Deploying Jekyll with Bitbucket Pipelines

The technology behind this blog is in a permanent flux. It’s my primary playground to try out new stuff. As you might know, this Jekyll generates this blog. It is a static site generator which takes my posts (written as Markdown files) and generates the HTML pages you’re looking at right now. To be more specific: The source files are stored on Bitbucket.org and a server at Hetzner serves the HTML files. When changes are made in Bitbucket, it would trigger the Jekyll setup on the server to publish everything straight away.

Some time ago, Bitbucket.org introduced Pipelines. A feature which gives you the ability to run build and deployment scripts on Bitbucket itself. Curious on how much of a continuous deployment pipeline I could create, I decided to give it a try. To move Jekyll from running on my server to let Bitbucket take care of it. This post details the process and what I came up with and some general thoughts on this feature-set of Bitbucket.


Building Jekyll

To use the pipelines-feature, you have to add a bitbucket-pipelines.yml file to the root directory of the repository. For development I recommend using Bitbucket’s Validator for Pipelines which checks at least the syntactical correctness of a bitbucket-pipelines.yml.

I quickly got it to install the dependencies and generate a Jekyll blog. To get things started here the basic build setup:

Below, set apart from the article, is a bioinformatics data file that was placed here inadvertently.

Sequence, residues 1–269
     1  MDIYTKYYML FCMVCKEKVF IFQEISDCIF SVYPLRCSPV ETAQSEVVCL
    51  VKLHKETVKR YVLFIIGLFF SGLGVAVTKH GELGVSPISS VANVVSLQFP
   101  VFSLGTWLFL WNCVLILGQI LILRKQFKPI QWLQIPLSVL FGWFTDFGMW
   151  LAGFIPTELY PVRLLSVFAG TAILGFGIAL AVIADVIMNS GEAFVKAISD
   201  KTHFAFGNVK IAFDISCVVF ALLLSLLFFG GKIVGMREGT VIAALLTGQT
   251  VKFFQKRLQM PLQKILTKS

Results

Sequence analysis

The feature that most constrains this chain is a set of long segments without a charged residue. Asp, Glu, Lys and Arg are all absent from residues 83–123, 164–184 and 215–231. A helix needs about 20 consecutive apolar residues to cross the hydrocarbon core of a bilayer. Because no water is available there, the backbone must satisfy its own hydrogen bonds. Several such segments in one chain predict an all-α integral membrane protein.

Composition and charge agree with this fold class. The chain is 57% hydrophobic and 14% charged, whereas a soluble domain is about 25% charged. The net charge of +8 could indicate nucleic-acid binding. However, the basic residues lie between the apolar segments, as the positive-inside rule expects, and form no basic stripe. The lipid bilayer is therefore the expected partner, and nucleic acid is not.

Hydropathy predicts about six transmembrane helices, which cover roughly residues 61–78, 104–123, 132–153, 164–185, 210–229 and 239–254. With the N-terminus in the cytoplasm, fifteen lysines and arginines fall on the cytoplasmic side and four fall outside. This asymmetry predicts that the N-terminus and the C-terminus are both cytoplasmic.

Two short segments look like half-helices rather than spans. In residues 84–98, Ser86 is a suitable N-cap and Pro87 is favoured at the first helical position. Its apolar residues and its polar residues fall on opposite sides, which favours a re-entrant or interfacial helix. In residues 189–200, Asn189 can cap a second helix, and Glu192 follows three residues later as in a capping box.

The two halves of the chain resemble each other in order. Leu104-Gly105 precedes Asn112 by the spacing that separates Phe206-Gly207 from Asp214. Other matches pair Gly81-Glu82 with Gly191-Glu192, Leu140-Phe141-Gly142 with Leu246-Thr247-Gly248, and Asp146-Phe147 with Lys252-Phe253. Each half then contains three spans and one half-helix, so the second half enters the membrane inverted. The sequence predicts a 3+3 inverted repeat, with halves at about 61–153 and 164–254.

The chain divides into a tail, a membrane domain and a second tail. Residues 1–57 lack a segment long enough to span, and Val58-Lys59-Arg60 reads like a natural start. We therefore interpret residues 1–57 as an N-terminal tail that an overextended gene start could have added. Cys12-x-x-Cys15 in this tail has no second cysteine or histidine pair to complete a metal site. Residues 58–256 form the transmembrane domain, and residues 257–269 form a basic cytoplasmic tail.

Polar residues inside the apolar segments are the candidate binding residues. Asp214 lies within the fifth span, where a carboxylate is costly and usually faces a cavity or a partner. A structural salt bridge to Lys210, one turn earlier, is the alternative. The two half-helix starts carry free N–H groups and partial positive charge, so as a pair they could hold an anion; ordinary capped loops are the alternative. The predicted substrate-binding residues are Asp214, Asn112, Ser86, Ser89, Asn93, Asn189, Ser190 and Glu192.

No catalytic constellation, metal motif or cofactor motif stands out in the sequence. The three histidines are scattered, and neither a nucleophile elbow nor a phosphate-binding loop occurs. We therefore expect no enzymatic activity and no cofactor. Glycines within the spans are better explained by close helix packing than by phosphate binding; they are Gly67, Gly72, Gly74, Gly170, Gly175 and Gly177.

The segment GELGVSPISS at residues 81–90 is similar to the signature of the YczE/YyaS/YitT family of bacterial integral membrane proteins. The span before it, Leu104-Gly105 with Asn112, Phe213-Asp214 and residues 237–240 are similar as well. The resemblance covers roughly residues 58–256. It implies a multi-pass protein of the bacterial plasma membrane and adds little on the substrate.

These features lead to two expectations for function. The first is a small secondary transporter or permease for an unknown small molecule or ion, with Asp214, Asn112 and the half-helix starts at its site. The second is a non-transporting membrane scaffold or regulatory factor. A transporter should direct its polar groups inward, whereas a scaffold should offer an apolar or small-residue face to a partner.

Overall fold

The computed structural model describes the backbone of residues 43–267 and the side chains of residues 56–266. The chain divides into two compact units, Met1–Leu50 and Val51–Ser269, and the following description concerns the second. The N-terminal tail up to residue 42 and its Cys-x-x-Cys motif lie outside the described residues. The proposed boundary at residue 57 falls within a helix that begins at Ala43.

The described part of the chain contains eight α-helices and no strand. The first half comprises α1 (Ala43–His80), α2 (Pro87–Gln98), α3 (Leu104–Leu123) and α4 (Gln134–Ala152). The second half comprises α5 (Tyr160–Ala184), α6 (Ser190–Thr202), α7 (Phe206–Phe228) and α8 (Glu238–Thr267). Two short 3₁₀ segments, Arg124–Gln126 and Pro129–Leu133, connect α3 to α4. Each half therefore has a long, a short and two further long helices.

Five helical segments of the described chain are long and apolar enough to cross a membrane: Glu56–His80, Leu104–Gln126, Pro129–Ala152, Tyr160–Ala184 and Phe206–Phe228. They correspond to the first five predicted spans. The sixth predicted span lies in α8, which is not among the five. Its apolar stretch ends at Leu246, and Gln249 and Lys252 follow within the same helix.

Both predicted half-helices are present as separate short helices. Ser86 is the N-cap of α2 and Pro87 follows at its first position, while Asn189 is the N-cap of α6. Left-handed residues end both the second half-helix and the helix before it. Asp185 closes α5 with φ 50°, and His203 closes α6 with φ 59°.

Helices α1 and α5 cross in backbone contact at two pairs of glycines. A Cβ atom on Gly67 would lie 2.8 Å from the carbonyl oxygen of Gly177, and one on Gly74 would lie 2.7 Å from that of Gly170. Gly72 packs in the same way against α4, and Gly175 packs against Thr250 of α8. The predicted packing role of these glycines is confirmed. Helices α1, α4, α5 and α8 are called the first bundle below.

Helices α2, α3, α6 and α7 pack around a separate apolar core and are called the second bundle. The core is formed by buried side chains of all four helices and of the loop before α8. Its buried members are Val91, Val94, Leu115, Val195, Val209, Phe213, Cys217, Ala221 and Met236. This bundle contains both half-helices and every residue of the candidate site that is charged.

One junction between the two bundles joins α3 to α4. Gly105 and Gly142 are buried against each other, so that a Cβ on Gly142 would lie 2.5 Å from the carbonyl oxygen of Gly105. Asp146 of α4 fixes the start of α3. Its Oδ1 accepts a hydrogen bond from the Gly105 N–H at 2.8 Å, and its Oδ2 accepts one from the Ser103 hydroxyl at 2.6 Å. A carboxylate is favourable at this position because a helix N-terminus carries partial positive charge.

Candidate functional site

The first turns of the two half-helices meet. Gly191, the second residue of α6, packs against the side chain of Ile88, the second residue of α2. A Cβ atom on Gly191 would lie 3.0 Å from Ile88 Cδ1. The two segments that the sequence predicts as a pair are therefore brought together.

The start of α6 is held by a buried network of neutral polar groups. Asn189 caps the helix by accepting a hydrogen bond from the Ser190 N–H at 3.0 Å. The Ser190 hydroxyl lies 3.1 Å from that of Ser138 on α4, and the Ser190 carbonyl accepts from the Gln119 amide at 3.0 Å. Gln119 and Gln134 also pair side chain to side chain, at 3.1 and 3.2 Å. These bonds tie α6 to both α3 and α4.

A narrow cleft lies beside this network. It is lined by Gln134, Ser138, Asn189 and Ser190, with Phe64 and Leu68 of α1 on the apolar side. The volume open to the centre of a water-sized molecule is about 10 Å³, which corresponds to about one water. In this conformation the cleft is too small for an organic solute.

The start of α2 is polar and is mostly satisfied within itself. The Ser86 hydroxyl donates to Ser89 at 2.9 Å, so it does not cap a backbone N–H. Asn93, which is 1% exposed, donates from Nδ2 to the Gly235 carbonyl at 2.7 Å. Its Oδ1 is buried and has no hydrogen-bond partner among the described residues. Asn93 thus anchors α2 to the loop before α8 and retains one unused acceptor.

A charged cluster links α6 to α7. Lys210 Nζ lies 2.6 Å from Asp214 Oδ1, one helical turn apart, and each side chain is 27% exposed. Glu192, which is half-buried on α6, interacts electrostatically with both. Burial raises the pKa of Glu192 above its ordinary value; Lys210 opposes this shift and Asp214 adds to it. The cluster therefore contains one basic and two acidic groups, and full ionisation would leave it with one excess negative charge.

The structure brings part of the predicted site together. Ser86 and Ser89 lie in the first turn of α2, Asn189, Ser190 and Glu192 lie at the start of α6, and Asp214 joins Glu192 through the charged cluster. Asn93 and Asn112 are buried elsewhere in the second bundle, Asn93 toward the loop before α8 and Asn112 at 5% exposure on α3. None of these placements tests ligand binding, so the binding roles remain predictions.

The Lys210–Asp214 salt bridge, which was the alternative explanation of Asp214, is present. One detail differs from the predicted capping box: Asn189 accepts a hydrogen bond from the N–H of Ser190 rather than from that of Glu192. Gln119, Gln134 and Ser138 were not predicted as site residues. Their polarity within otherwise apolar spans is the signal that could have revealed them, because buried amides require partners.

#bitbucket-pipelines.yml
image: ruby:2.5

pipelines:
  default:
    - step:
        name: Generate the blog with Jekyll
        caches:
          - bundler
        script:
          - bundle install --path vendor/bundle
          - bundle exec jekyll build --destination public
definitions:
  caches:
    bundler: vendor/bundle

In general the Pipelines are nothing else but a script that spins up a Docker container (specified by the image parameter), and executes the steps you’ve given it within this container. This happens all isolated and you can see the output of each step in the Pipelines section of your Bitbucket repository.

For this example I use version 2.5 of the Ruby Docker image to install the dependencies and to run jekyll build afterwards. As specified by the --destination parameter this creates the HTML pages in the directory public/.

A particular Pipelines-related feature in this configuration is the cache definition. By defining a path as a cache, Bitbucket will store this cache after execution and make it available at the same location when executing the pipeline again. Using the --path parameter on the bundle install command we ensure that Bundler saves all dependencies in that directory. This is particularly helpful to reduce the time the build takes. Since every second of execution time costs, this helps to keep the bill low.

Persisting the Build result

So far we build the Jekyll blog but it’s gone as soon as the pipeline process finishes. Let’s make use of another Bitbucket feature: Artifacts. Bitbucket will store everything that’s within the Artifact folder and make it available to any following steps defined in the bitbucket-pipelines.yml configuration. Unlike caches, Artifacts only exist in the context of a single Pipeline execution.